Look, a safe source of clean and purified drinking water should be right at the top of your survival gear and equipment list. Food is important, or course, but not nearly as important as safe drinking water is. Take the time to check out the many products Clearly Filtered has to offer, and make a small investment in your future survival, but insuring you have safe water to drink. - SurvivalBlog Field Gear Editor Pat Cascio

Monday, March 18, 2013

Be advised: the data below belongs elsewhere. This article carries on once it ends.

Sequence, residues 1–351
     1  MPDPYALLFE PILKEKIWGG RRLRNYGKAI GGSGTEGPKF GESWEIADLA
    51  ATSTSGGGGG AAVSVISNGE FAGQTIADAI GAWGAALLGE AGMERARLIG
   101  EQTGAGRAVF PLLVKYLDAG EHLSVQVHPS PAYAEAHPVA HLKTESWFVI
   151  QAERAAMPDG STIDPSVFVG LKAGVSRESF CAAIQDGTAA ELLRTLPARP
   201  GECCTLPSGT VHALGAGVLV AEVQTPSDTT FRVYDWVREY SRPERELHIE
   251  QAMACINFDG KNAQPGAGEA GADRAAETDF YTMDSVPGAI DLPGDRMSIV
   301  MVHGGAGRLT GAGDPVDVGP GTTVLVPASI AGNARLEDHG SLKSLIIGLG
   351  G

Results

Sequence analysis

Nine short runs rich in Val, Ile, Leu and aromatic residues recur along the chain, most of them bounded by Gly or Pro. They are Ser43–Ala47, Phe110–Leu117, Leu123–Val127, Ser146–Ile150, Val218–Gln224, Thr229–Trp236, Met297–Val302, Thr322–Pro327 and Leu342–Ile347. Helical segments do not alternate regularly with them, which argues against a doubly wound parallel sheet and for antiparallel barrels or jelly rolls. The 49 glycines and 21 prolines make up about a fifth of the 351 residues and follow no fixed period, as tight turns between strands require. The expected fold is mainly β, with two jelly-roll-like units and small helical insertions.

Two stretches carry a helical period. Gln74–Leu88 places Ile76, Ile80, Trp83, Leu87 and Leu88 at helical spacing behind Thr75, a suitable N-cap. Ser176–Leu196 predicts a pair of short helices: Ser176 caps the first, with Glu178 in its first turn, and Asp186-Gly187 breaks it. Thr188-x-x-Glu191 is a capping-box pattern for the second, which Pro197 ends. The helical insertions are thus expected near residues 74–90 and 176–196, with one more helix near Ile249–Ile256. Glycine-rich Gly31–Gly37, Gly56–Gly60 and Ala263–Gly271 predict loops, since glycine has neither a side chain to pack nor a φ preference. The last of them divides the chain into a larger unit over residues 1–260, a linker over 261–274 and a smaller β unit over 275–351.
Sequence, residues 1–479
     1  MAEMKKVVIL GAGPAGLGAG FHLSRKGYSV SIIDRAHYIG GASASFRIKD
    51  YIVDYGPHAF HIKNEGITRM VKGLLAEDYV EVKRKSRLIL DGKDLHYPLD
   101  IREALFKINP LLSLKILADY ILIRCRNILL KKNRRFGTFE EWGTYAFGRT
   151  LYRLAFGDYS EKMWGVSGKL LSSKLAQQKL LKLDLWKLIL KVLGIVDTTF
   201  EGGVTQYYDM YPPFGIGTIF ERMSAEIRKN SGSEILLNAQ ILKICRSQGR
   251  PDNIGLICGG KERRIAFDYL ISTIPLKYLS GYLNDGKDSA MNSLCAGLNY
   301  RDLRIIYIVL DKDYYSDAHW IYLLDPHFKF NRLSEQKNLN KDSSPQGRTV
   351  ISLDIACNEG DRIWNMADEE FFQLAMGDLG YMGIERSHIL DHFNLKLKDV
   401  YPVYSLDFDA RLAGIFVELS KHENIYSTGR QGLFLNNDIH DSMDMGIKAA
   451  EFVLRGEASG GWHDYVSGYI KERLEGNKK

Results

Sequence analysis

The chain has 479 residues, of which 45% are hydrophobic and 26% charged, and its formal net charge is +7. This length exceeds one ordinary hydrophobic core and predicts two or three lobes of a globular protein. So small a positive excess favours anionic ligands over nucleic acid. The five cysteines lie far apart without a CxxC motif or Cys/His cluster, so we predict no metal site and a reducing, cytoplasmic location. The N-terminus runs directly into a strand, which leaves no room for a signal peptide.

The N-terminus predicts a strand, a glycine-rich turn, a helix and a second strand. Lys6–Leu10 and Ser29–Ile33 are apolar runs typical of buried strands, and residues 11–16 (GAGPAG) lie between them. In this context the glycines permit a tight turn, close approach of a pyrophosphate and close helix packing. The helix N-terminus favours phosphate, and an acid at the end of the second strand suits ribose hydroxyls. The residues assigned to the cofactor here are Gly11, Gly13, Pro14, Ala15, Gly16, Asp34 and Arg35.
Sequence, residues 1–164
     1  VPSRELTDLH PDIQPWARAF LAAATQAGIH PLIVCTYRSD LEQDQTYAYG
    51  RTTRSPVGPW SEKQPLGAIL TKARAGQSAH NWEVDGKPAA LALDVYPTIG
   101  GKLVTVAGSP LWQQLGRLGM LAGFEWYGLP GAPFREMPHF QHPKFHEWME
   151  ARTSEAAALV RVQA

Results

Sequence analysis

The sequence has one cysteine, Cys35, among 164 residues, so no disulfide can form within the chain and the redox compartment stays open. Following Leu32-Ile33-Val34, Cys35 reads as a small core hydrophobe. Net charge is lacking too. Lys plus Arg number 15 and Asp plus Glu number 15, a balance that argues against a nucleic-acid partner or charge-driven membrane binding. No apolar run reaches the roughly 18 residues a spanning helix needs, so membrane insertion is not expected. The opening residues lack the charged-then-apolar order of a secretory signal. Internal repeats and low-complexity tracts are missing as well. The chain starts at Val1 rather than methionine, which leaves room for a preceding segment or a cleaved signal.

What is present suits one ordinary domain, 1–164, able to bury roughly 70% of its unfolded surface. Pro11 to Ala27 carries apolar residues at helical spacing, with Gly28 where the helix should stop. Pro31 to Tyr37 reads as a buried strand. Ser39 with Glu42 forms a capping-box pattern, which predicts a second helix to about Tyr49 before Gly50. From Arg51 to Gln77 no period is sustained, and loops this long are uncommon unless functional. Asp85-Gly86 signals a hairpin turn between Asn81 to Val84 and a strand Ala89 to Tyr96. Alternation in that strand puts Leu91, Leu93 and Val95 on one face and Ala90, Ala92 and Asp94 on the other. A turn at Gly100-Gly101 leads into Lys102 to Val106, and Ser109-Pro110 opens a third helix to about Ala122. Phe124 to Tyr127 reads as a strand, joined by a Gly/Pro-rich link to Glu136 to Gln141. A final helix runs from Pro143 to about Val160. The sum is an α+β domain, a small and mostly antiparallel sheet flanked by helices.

Without a doubt, the hottest selling long-gun these days is some sort of AR-15/M4 type of gun. Thanks to the efforts of anti-gunners like Dianne Feinstein and Barack Obama, with their proposed bans on certain classes or types of firearms, there has been a run on these types of guns that has never been seen before. With looming threats of banning certain types of firearms, as well as magazines over 10 rounds, the American People are waking up, and are spending their hard-earned money on what they presume will be banned or regulated. Without a doubt, this has led to a buying frenzy, like no other in firearms in history to the best of recollection. This has also led to a shortage of ammunition, the likes we have never seen before, and I suspect it will take the ammo companies a couple years to catch-up with supply and demand. The hottest-selling ammo right now is .22 LR followed by .223 Rem/5.56mm and then 9mm - however, most calibers are in short supply these days. Retail prices on ammo has about doubled or even tripled in may instance. Some mail-order ammo reseller companies have completely ripped-off their customers - what used to cost $150 now cost almost a $1,000 for certain types of ammo. I hope that SurvivalBlog readers are taking note of which companies are doing this, and won't throw their business to these companies. I know I won't!